A parser is a computer program or portion of a program that analyzes a string of characters in order to recognize grammatical units. Joseph Weizenbaum's Eliza (1966) and Terry Winograd's SHRDLU (c.1970) are two of the best-known early interactive programs that had parsers.
Early IF, including the original Adventure, used a two-word parser that only looked at the first few characters of each word. More recent IF parsers, following the lead of Dungeon aka Zork, have an Infocom-type parser that can understand longer words and more complex commands, but the genre is still a long way from using natural language processing to achieve complete understanding of all English inputs.
Modern IF programming languages include a parser as part of the authoring system, removing the need for the programmer to write a homebrew parser. Authoring systems for writing parser-based interactive fiction include Inform 7, Quest, TADS, and ADRIFT, among others.
- Discussions about parsing on the rec.arts.int-fiction newsgroup
- Survey of IF systems on the TADS 3 mailing list (dead link ) (now the Technical Blog - for TADS 3).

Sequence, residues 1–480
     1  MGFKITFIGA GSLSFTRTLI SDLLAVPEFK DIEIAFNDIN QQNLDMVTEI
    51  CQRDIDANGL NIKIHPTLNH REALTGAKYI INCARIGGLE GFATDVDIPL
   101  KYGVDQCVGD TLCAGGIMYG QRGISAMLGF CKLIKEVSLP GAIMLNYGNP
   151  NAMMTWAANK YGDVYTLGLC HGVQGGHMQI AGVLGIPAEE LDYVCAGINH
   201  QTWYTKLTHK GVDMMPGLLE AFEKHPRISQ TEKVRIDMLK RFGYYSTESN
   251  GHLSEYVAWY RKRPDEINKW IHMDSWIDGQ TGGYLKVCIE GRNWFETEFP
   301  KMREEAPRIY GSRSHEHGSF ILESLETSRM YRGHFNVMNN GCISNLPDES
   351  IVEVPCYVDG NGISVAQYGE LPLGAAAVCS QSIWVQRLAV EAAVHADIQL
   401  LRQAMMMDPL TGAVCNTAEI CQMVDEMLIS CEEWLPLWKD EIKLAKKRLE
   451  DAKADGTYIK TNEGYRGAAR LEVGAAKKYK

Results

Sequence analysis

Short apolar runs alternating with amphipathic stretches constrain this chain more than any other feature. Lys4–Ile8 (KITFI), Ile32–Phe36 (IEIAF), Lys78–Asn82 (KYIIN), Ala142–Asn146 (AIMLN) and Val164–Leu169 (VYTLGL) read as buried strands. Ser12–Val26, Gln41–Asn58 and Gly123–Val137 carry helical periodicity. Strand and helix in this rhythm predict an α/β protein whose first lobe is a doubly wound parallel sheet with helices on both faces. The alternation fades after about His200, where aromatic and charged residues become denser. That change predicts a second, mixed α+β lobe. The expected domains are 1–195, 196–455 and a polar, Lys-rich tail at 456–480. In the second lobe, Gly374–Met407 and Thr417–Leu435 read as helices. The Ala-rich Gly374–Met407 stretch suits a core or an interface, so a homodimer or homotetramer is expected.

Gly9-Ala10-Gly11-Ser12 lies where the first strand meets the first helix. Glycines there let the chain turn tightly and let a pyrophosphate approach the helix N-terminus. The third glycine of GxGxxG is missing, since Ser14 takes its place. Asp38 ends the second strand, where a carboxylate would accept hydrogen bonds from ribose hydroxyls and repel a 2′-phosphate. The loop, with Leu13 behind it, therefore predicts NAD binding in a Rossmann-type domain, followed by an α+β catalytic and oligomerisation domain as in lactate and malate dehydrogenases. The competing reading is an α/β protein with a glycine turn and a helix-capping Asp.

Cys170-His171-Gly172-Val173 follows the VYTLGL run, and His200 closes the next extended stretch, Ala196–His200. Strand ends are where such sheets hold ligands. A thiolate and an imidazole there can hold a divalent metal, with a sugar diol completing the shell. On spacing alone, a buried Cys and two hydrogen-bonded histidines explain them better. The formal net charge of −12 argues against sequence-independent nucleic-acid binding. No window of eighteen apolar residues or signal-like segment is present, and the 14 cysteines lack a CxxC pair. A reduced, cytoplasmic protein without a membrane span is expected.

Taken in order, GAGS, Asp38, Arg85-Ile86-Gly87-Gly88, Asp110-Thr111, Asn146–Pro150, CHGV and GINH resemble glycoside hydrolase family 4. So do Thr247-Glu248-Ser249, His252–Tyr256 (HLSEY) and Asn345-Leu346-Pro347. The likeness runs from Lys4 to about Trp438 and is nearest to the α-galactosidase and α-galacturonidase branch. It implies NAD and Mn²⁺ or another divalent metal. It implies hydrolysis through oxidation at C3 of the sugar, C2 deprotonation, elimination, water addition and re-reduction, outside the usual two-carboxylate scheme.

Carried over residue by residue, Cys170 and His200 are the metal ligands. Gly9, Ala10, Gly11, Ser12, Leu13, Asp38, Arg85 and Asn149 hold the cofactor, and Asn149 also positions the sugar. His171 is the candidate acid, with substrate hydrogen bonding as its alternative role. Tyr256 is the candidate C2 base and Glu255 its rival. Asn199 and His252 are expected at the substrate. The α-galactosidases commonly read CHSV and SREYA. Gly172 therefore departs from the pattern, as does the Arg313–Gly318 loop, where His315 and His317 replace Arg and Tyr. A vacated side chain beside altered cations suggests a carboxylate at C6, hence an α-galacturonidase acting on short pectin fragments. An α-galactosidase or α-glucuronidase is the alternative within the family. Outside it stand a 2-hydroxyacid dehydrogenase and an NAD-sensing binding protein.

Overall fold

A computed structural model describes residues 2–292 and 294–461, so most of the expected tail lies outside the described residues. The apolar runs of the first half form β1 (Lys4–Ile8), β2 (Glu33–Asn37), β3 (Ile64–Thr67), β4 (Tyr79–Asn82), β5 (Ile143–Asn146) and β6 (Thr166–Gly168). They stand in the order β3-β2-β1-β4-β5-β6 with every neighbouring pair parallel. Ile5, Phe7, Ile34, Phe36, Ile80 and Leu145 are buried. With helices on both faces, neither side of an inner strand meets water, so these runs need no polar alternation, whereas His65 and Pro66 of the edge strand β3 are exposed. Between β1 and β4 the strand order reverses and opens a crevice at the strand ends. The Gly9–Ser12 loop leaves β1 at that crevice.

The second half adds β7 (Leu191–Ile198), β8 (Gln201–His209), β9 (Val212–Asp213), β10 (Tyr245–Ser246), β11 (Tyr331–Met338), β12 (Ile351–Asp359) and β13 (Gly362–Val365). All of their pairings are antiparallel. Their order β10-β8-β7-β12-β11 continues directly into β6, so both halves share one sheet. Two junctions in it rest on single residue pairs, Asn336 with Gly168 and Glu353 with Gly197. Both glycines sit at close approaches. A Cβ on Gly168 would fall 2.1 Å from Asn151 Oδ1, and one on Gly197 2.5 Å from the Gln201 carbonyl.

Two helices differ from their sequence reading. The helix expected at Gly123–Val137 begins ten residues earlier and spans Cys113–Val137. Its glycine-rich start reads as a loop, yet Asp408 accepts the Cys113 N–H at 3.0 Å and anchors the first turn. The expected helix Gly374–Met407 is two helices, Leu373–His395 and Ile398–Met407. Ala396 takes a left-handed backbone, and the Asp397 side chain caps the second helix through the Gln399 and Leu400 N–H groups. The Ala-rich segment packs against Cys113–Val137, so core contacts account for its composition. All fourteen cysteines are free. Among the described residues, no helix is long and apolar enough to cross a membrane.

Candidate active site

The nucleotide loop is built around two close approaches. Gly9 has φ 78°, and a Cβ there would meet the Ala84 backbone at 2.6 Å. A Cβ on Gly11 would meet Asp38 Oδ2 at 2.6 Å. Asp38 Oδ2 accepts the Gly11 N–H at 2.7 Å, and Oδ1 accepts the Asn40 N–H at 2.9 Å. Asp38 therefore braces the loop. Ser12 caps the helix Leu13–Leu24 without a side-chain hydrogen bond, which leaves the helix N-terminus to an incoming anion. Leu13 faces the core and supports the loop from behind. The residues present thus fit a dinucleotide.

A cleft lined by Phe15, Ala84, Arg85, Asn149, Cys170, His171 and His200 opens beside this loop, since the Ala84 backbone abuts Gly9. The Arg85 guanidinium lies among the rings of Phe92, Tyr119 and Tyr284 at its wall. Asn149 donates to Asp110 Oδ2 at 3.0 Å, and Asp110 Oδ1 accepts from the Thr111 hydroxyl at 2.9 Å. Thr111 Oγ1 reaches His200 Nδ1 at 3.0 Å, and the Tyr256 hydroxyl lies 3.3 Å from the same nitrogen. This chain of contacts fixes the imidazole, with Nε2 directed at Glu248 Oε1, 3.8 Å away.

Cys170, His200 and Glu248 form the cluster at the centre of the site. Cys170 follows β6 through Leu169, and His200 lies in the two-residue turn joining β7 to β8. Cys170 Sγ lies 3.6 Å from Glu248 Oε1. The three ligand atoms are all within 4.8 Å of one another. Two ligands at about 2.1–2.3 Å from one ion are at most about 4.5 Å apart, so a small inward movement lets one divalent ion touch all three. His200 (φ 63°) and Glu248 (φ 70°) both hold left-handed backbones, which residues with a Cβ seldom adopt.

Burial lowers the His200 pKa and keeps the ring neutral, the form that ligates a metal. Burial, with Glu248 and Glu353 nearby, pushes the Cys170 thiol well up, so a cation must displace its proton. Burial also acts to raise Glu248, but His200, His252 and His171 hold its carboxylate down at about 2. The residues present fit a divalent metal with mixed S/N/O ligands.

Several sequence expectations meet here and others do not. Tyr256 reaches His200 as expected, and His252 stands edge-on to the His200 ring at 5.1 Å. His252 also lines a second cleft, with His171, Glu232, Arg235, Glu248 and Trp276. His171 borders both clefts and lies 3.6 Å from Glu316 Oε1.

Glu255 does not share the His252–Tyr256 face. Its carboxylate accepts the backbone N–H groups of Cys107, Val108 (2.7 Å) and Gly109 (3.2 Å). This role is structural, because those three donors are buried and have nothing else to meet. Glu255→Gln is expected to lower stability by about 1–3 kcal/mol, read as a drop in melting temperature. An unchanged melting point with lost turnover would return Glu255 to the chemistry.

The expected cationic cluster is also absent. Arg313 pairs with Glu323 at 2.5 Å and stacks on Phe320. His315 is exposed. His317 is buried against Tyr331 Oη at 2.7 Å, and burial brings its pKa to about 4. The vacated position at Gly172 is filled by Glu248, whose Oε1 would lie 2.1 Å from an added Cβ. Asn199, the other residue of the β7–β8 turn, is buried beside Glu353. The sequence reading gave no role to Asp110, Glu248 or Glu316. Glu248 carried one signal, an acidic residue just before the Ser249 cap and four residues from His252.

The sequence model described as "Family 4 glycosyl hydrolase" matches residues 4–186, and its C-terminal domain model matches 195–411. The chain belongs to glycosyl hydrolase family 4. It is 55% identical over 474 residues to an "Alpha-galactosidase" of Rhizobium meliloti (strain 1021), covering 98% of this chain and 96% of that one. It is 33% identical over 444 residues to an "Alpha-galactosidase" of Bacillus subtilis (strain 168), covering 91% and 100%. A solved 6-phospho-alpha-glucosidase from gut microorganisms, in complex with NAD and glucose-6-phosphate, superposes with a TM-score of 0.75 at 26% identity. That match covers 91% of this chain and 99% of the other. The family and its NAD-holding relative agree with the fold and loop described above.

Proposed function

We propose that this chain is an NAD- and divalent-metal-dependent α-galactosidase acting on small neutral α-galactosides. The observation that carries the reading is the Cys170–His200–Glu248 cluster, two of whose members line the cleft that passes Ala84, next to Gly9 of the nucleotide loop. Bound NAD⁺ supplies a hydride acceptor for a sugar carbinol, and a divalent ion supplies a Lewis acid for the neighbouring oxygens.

- if yr cmptr cn rd ths... (archive) by Shay Addams for Computer Entertainment, August 1985. Details the mid-80s "parser war" between various publishers of text adventures.
- So, Do We Need This Parser Thing Anyway? by Emily Short, June 2010. An overview of the accessibility problem with parsers.
Responses to Emily's article:
- Hybrid Interfaces: Texture; Contrition (Porpentine); Spondre (Jay Nabonne) by Emily Short, December 2014.
- Experimentation in the Parser Domain by Emily Short, January 2016.
- Writing Novice-friendly Parser Games by Emily Short, April 2016.
- Narrow Parsers by Sam Kabo Ashwell, May 2016. Discusses narrowing the range of available verbs in a parser game.
- Text Parser at TV Tropes Wiki.